Civil engineers take pride in the fact that their work contributes to society, helping people get places quickly and safely, and providing them with ...
Building Big: "Thinking Big, Building Small"
This resource was adapted from Building Big: "Thinking Big, Building Small."
Auditory, Textual, Visual
©2000 WGBH Educational Foundation. All rights reserved.
Adapted from Building Big: "Thinking Big, Building Small". Footage courtesy of Boston Properties.
Civil engineers use creativity and a strong foundation in math and science to design and maintain our infrastructure. It helps to think of them as problem solvers. They assess problems, envision solutions, and apply practical knowledge to make their ideas reality.
There are several disciplines within the field of civil engineering. More often than not, professionals in the different disciplines work together to complete a project. Transportation engineers, for example, deal with analysis and planning of highways, railways, and traffic control systems, while geotechnical engineers determine the suitability of rock and soil to safely support building activities.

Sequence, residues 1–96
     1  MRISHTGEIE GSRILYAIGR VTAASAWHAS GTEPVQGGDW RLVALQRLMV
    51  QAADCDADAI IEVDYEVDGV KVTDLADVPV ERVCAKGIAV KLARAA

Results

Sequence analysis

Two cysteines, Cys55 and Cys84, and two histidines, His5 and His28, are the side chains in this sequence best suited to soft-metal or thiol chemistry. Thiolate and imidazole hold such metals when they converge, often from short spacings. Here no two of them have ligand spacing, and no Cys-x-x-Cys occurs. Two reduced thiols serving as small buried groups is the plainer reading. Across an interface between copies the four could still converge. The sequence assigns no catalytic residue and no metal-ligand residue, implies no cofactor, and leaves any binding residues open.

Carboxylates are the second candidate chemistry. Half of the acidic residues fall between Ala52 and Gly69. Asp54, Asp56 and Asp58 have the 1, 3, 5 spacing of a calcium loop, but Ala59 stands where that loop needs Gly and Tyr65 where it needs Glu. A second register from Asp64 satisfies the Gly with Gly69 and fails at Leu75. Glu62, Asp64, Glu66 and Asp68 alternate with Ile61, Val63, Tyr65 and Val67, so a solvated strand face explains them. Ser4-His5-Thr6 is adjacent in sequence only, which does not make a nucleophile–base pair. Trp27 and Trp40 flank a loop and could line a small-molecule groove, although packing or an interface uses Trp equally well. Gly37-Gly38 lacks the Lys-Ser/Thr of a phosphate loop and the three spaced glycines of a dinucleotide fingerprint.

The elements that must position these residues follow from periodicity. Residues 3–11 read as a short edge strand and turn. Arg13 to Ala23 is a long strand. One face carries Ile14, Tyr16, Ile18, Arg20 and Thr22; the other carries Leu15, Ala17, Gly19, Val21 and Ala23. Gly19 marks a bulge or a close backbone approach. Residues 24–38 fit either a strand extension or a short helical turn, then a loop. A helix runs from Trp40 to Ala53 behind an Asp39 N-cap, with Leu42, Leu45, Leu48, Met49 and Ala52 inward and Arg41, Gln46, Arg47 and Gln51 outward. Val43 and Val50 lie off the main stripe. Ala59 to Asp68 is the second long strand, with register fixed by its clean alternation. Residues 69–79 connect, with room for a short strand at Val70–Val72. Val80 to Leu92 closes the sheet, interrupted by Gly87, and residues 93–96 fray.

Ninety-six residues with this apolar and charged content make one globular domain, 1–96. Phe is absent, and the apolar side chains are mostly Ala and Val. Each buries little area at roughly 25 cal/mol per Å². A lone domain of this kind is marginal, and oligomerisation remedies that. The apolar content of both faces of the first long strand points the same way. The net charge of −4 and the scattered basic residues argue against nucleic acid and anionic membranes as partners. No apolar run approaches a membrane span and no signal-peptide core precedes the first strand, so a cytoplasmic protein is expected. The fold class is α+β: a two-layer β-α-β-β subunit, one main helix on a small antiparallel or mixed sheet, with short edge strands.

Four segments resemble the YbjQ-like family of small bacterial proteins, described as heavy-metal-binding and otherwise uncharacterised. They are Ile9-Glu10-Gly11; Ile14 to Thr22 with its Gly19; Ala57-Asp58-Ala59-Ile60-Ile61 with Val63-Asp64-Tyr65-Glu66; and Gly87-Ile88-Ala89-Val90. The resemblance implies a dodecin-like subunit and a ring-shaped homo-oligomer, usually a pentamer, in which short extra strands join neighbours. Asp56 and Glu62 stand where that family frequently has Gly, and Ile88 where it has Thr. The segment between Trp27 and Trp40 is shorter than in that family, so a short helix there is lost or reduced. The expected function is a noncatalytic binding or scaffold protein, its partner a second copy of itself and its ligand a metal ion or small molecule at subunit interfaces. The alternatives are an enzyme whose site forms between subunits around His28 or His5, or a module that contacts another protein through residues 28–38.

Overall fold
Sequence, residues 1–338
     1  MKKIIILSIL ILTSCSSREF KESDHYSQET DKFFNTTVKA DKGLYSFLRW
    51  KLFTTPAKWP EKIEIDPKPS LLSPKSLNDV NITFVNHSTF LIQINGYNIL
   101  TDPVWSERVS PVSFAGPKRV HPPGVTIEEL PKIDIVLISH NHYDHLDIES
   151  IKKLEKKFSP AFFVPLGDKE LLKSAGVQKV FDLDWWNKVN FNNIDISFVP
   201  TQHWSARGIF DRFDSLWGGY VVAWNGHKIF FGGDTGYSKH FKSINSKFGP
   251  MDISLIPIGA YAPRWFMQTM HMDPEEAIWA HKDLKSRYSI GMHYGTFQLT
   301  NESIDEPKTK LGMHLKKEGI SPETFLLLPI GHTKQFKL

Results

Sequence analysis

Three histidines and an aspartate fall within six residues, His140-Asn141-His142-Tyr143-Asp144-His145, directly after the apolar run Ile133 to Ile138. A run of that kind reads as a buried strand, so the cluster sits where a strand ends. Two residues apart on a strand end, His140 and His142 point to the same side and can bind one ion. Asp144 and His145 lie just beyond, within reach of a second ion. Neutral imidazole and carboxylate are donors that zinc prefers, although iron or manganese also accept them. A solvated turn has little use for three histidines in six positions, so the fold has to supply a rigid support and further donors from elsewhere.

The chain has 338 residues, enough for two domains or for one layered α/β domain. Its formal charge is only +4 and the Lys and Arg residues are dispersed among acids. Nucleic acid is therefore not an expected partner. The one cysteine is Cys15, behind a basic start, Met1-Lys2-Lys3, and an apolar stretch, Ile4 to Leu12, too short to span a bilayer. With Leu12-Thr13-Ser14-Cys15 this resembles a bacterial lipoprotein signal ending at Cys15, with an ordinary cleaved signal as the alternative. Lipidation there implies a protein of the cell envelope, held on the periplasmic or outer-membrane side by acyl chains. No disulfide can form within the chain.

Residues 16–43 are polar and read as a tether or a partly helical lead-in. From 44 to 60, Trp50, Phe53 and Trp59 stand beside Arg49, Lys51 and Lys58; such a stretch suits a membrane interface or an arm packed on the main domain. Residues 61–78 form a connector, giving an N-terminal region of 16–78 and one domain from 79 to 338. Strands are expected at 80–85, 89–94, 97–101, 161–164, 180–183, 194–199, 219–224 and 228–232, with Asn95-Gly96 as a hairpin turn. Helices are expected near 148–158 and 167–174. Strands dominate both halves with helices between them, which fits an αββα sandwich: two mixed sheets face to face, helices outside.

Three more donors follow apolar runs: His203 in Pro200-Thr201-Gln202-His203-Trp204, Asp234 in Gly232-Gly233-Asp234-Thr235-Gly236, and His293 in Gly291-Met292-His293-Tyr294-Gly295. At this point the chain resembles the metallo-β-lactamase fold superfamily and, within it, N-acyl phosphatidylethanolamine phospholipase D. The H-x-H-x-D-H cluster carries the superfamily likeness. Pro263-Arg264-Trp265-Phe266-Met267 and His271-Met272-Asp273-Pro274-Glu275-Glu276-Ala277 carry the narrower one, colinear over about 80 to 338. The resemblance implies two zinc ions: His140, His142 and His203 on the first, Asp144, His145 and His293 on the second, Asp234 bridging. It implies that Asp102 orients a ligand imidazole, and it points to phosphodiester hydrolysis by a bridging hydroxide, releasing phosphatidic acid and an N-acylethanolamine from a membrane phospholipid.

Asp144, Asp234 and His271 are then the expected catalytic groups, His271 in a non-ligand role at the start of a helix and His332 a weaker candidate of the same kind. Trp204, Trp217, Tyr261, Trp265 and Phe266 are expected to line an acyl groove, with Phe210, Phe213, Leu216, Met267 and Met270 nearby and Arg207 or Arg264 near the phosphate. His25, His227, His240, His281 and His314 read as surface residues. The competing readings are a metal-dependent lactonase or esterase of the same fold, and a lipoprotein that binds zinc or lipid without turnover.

Structural engineers are most closely associated with bridges, tunnels, buildings, and dams. With a thorough understanding of calculus, physics, and chemistry, they arrange structural elements to manage the pushing and pulling forces that act on suspension bridges and skyscrapers alike. They also know which building materials are best for the job from both a safety and a cost-management perspective. Advanced computer programs assist today's structural engineers in design procedures, but they still rely on their experience, expertise, and judgment when difficult decisions must be made.
Though trial and error has provided the engineering field with numerous lessons throughout the years, education and training are what best prepare civil engineers to do their job. That and a willingness to abide by a strict code of ethics that emphasizes safety and human welfare before all else.